Insurance Committee

 
If you have a question or issue in regards to a health care insurer, please first seek to resolve this directly by contacting the insurer or posting your concerns to other members on the MPA list serv. The Insurance Committee focuses on macro issues affecting Michigan psychologists and is unable to function as a "help desk" of sorts. If you are unable to resolve the issue directly, please contact the Insurance Committee Chair to see whether this is an issue which the committee can address. Thank you all for your understanding.

Article: The Future of Psychological Practice in the Era of Integrated Care
By Dr. Joy Wolfe Ensor

Article: Psychologists and BCBSM’s Physician Group Incentive Program
By Dr. Louis Post


 The Future of Psychological Practice in the Era of Integrated Care
 
On November 7, 2014, nearly 100 people filled the auditorium at MSU’s Henry Center to attend MPA’s conference on “The Future of Psychological Practice in the Era of Integrated Care.”  The conference brought together policy leaders at both the national and state level to address the opportunities and challenges that we psychologists face as the Affordable Care Act and other reforms move the health care delivery system from a fee-for-service to an integrated fee-for-quality model.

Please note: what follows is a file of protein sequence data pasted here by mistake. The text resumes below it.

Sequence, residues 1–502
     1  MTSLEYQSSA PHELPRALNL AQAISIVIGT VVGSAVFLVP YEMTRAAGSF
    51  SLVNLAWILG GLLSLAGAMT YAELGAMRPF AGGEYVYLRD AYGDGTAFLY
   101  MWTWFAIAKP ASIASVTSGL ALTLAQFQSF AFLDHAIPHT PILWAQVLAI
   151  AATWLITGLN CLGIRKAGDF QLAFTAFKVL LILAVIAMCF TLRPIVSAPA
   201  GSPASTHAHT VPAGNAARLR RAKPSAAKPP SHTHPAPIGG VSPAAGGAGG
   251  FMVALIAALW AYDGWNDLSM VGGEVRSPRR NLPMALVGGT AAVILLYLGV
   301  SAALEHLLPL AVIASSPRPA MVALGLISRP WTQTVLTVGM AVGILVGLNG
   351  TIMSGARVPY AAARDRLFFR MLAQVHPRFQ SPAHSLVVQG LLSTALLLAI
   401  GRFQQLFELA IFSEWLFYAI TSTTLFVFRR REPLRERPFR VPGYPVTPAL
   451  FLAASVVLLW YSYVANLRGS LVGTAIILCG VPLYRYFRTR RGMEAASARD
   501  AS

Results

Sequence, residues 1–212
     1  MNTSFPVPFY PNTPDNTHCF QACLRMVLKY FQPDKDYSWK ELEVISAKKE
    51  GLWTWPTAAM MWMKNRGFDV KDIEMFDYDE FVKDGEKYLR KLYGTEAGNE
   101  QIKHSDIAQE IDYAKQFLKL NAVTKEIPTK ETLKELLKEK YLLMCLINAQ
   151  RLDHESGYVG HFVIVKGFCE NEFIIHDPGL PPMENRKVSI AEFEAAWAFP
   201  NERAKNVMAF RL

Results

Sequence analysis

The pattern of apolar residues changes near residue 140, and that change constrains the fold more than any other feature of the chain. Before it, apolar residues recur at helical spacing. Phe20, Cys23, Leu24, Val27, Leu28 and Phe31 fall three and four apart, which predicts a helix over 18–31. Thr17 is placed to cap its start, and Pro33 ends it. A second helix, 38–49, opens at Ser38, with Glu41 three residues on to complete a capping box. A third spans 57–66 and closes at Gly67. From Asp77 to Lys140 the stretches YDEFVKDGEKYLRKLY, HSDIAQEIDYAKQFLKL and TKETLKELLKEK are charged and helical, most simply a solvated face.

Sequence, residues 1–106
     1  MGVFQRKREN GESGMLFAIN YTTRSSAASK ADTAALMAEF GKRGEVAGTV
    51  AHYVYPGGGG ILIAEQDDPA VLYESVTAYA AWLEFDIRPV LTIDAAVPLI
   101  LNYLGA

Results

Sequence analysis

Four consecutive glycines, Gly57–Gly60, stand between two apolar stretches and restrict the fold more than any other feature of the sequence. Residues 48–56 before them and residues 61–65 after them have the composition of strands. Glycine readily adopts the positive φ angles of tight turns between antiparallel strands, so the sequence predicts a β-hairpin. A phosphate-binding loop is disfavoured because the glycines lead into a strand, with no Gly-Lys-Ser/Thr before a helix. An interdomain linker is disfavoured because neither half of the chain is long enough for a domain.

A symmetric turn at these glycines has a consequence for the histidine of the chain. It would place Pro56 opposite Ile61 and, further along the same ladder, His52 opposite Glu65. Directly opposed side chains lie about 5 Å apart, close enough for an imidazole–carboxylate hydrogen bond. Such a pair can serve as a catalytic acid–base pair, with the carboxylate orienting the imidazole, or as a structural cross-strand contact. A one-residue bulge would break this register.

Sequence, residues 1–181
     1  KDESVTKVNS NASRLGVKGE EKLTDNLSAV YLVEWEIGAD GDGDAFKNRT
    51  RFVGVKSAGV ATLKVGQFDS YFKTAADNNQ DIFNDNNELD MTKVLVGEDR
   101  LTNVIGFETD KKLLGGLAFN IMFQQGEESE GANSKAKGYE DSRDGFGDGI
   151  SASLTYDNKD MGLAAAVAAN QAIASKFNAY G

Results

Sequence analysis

Katherine Nordal, Ph.D., the American Psychological Association Practice Organization’s Executive Director for Professional Practice, opened the conference with an overview of “Health Care Reform 2014: Implications for Professional Practice.”  Dr. Nordal summarized the economic context of health care reform and trends in mental health spending, including sobering statistics on the low percentage of psychologists in the behavioral health provider pool.  At the same time, she cited research demonstrating the positive impact on health care outcomes and costs when behavioral health issues are addressed.  Psychologists, said Dr. Nordal, have a unique contribution to make in integrated care not only by providing direct services (conducting thorough psychological assessments; promoting patient responsibility and resilience; treating more complex, complicated patients; attending to interpersonal barriers to behavior change; applying behavioral principles to modify health-risk factors; and understanding environmental determinants of behavior, including the impact of families and systems), but also by providing supervision, programmatic and organizational development, and quality outcome studies.